According to the 2020 BTI report, Political and economic change in sub-Saharan Africa has remained largely stagnant since 2017. This is despite the much-publicised political shifts in Ethiopia and Zimbabwe.
Sub-Saharan Africa as a whole witnessed no significant changes to the overall levels of democracy, economic management and governance. These are the three main areas of performance assessed by Nic Cheeseman in the 2020 Bertelsmann Transformation Index (BTI) report on Sub-Saharan Africa.
Analysing standardised data collected by BTI, Cheeseman finds that in the two years since the previous report the overall level of democracy in sub-Saharan Africa declined by just -0.04, a small shift on a 1-10 scale. There was an identical change in the status of economic transformation. Also, there is an even smaller shift in the average quality of governance of +0.01. The biggest gains in economic transformation came in Côte d’Ivoire (+0.21), Nigeria (+0.25), and Zimbabwe (+0.18). These numbers are all relatively modest changes, while 28 out of 44 states remain in the highly limited category.
The limited progress belied substantial political events in the reporting period which sparked optimism that African states long resistant to change were on a new path towards democratisation and economic development.
Economic Changes by Country
In 2017, long-time Zimbabwean president Robert Mugabe was removed from power in a coup and replaced by Emmerson Mnangagwa. Mnangagwa promised a new political and economic dispensation after decades of stagnation. That proved a mirage. Especially with the country mired in an ongoing recession as the government reverts to a familiar crackdown against political opponents.
In Ethiopia, prime minister Abiy Ahmed attracted international admiration. He also won a Nobel Peace Prize in 2019 for his early efforts at political liberalisation and regional peace-making. However, recent ethnic violence and a government crackdown has cast doubt on the pace of change.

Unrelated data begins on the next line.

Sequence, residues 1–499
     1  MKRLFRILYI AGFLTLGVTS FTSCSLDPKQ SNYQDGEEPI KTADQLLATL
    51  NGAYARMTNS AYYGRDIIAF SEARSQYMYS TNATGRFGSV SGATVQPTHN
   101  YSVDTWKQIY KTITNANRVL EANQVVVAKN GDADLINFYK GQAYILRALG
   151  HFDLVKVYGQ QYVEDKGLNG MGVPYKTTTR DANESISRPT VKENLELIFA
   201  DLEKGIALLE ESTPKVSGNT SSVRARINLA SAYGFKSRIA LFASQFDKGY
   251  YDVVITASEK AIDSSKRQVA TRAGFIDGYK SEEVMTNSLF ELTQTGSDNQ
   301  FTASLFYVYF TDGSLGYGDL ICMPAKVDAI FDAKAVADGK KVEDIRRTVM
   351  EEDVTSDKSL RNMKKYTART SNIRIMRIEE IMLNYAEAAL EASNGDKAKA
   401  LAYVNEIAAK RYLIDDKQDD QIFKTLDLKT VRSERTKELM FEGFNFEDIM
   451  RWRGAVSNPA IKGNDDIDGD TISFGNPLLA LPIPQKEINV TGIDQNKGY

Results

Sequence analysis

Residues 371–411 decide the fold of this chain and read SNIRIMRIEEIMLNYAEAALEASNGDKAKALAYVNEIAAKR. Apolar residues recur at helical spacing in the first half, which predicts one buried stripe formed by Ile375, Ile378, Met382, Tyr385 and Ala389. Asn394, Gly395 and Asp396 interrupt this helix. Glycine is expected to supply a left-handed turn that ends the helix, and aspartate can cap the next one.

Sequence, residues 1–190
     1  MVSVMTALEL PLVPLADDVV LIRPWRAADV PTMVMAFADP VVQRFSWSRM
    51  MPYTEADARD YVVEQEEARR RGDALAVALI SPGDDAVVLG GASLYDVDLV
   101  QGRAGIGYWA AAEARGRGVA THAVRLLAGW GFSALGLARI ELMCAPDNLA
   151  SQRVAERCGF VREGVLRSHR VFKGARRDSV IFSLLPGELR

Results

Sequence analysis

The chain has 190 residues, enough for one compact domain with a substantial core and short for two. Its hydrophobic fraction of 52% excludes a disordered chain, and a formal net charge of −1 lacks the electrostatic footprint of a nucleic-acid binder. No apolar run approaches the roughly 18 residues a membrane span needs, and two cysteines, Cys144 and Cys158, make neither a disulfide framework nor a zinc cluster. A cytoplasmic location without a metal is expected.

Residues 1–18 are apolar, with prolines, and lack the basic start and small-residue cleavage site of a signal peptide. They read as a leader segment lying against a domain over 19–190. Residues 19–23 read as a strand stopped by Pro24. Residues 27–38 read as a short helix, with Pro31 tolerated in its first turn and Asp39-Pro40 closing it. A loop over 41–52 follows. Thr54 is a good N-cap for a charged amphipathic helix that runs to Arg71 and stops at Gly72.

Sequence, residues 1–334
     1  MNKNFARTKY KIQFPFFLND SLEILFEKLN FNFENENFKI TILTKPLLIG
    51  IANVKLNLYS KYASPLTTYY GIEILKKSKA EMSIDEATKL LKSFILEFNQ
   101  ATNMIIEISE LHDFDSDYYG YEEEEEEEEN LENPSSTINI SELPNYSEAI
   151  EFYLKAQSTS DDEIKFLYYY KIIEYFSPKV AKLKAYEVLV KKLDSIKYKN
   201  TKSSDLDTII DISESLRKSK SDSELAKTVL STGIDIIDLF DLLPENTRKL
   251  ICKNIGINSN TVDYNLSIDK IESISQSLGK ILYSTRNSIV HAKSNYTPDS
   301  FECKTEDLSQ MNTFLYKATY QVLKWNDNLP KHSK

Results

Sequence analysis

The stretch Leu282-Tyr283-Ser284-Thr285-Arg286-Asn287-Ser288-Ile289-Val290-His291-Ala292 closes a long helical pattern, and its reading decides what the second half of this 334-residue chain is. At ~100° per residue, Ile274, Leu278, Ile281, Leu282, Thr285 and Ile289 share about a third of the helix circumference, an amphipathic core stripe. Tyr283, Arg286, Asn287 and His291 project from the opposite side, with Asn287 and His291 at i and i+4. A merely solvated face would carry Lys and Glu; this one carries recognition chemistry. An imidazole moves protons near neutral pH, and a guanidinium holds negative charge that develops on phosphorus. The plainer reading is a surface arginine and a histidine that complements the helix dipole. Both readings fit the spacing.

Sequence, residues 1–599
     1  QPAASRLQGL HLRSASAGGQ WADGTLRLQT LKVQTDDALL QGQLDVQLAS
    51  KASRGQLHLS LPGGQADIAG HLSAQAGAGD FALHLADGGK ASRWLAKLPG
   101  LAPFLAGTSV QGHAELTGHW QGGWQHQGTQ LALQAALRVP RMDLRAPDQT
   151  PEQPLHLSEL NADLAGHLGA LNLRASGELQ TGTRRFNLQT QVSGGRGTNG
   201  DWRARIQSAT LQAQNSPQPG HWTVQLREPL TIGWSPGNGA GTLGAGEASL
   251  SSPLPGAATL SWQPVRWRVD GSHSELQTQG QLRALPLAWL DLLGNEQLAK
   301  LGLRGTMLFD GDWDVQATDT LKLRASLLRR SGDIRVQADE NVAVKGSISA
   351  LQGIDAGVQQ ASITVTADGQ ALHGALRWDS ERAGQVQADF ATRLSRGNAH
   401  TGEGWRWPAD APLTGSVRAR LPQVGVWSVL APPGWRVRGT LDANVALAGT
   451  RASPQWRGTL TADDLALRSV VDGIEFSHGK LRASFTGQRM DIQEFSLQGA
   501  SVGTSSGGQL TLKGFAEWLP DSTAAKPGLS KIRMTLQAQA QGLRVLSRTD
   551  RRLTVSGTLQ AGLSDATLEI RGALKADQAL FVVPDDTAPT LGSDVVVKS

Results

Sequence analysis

Abiy’s initial actions led to an improvement in Ethiopia’s quality of governance score from 3.65 to 4.96. This is a sizeable increase of 1.31. However, the popular confidence in his reform credentials subsequently declined significantly, according to the BTI report.
The report further states that Cameroon, Chad, Kenya, and Tanzania have moved further away from lasting political and economic transformation. While Angola, Ethiopia, Sierra Leone, and Zimbabwe initially appears to be making progress towards it. However, in Ethiopia and Zimbabwe this impression did not last beyond the end of the BTI reporting period. With the new governments of both countries now stand accused of committing similar human rights abuses to their predecessors.
“Most notably, continued and in some cases increasing human-rights abuses in countries such as Nigeria, Tanzania and Zimbabwe suggest that we have seen a changing of the guards rather than a genuine transformation of political systems.”
Constraints on change
According to Cheeseman, optimism among African citizens following the removal of long-standing leaders should be tempered by a realisation that political change is constrained by vested interests, political patronage, and security considerations.
“This means that the removal of a ‘Big Man’ is often greeted with great enthusiasm by citizens, civil society groups and outside observers alike. These transitions are viewed as an opportunity for far-reaching national renewal. In reality, the scope of what individual leaders can achieve is significantly constrained by the political and economic context within which they must operate. These pressures often make it difficult to deliver justice for past human rights abuses, escape winner-takes-all political dynamics, and establish more accountable forms of politics.”